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1/25/2018 7:38:29 AM
Posted: 1/30/2002 12:57:06 PM EST
The thread about making your own light got me thinking. I have access to lost of different types of tubing, and have wanted a tacticla light, but i can't justify the price-when i can just make it. Anyways, here's my question, what would happen if i hooked 9v or 1.5v(AA) (or someting else) power to a 12v light? Would it still work, just not as much output? Or blow up in my hand? I picked up a little 12v halogen in a projector for $1 today (i can never pass up a deal in the Hardware Dept.) to play with, just wanted some input/advice before i fried it. Thanks
Link Posted: 1/30/2002 1:32:36 PM EST
Any voltage less than or equal to 12 Volts will not hurt the bulb. Just stay away from voltages much over 12V. And yes, lower voltage means less light. In fact, you probably will not be able to see any light if you use a 1.5 volt battery (AAA, AA, C, or D).
Link Posted: 1/30/2002 1:35:45 PM EST
Link Posted: 1/30/2002 1:46:20 PM EST
Originally Posted By Paul: The issue is that the bulb won't explode but the battery might.
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I agree with everything you said above, but the equivalent source resistance of most alkaline batteries is high enough to prevent the battery from exploding or melting, even if you short them (which I have done many times on accident [:)] )
Link Posted: 1/30/2002 1:53:48 PM EST
It's a GE halogen light, it says 50W 12V, can i soder a regulator or diode or something on the conection to change it? I really don't know much about electricity, except IT HURTS, and + in, - out = light, power
Link Posted: 1/30/2002 2:02:33 PM EST
Link Posted: 1/30/2002 2:11:23 PM EST
[Last Edit: 1/30/2002 2:29:59 PM EST by osprey21]
Link Posted: 1/30/2002 3:45:36 PM EST
Paul's got it right. Lamps have a voltage and wattage rating. The type used in projectors have a high wattage rating, much higher than a small dry cell battery can provide. I would have to look this up but I doubt an AA battery can put out more than about 0.5 amps for any period of time. Lets say you have 4xAA batteries in series. This setup can put out about 6volts x 0.5 amps = 3 watts. Thats it. That projector lamp probably needs 150 watts or so.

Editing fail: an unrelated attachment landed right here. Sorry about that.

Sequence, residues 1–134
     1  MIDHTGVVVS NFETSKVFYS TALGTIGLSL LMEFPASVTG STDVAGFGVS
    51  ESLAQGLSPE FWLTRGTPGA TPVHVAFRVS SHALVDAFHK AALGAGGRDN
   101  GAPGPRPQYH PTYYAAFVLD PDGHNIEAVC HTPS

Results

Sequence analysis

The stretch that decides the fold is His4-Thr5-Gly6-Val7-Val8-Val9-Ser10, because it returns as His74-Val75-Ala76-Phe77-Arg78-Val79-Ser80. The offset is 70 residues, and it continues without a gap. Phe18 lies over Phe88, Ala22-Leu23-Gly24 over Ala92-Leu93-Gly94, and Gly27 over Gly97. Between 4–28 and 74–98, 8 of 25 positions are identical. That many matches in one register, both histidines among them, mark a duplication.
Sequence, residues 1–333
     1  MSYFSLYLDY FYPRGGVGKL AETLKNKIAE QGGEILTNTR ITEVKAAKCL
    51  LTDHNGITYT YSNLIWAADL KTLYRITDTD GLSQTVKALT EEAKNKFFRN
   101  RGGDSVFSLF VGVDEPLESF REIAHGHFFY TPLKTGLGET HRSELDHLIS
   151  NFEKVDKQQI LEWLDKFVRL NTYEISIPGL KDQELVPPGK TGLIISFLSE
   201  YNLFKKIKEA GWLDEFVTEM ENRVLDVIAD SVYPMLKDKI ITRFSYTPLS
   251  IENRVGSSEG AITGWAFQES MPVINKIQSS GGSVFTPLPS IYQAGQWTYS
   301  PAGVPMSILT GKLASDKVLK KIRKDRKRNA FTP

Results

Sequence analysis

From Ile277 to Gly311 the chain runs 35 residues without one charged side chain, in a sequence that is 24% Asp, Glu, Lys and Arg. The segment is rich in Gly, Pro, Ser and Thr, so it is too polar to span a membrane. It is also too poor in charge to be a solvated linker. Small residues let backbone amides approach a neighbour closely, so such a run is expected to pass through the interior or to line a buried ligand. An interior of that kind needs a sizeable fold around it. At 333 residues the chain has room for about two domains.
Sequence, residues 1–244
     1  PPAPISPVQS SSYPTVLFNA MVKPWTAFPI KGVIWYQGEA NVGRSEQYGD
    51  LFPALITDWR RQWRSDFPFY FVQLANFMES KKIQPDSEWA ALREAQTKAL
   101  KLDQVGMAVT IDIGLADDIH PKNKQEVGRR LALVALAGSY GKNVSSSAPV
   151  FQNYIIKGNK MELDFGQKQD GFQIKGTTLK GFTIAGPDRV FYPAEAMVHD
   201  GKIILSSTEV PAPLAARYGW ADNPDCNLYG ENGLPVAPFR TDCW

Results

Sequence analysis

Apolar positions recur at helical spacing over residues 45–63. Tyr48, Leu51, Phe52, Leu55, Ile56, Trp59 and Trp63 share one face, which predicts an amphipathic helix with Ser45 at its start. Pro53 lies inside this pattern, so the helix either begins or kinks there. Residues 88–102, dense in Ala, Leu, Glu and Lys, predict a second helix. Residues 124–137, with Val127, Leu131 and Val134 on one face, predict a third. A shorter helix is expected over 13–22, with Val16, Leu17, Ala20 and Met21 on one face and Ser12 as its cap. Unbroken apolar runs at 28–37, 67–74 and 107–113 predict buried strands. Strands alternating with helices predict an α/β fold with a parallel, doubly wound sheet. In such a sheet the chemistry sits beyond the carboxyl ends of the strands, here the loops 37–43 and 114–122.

Link Posted: 1/31/2002 6:35:14 AM EST
DOH!! thanks all.
Link Posted: 1/31/2002 7:48:52 AM EST
Interesting thread ... Lets look at what it would cost to purchase the components used in a surefire. 15.00 Lamp 15.00 Batteries Cost of new 6P (basic, simple inexpensive tactical light) About 55.00 Piece of mind that it works everytime it's asked - even in the most stressful of situations.... Priceless. Ryan
Link Posted: 1/31/2002 9:07:28 AM EST
Use a maglight. Take it apart, mount bulb, parabolic reflector, and tube under barrel. Pad the mount. Make sure it is focused properly. Trim to desired length with HS/Dremel. Solder wires to the + and - terminals, and run the wires to the grip. Use a Radio Shack pressure switch, mounted on the grip, and two AA batteries mounted inside the hollow grip. Run and secure copper wire as necessary, and viola. Cost, anywhere from $Free-$20.00. Advantage, the light will work. Batteries are cheap and long lasting. Disadvantage, not high quality, not as bright as Tac-lights.
Link Posted: 1/31/2002 1:12:34 PM EST
Keep in mind the effects or recoil on your lights! Other than use on light recoiling guns, most bulbs will get beat up and burn out quickly. Even an AR can cause havoc. That's one of the main reasons I just shell out the bucks for Surefire products.
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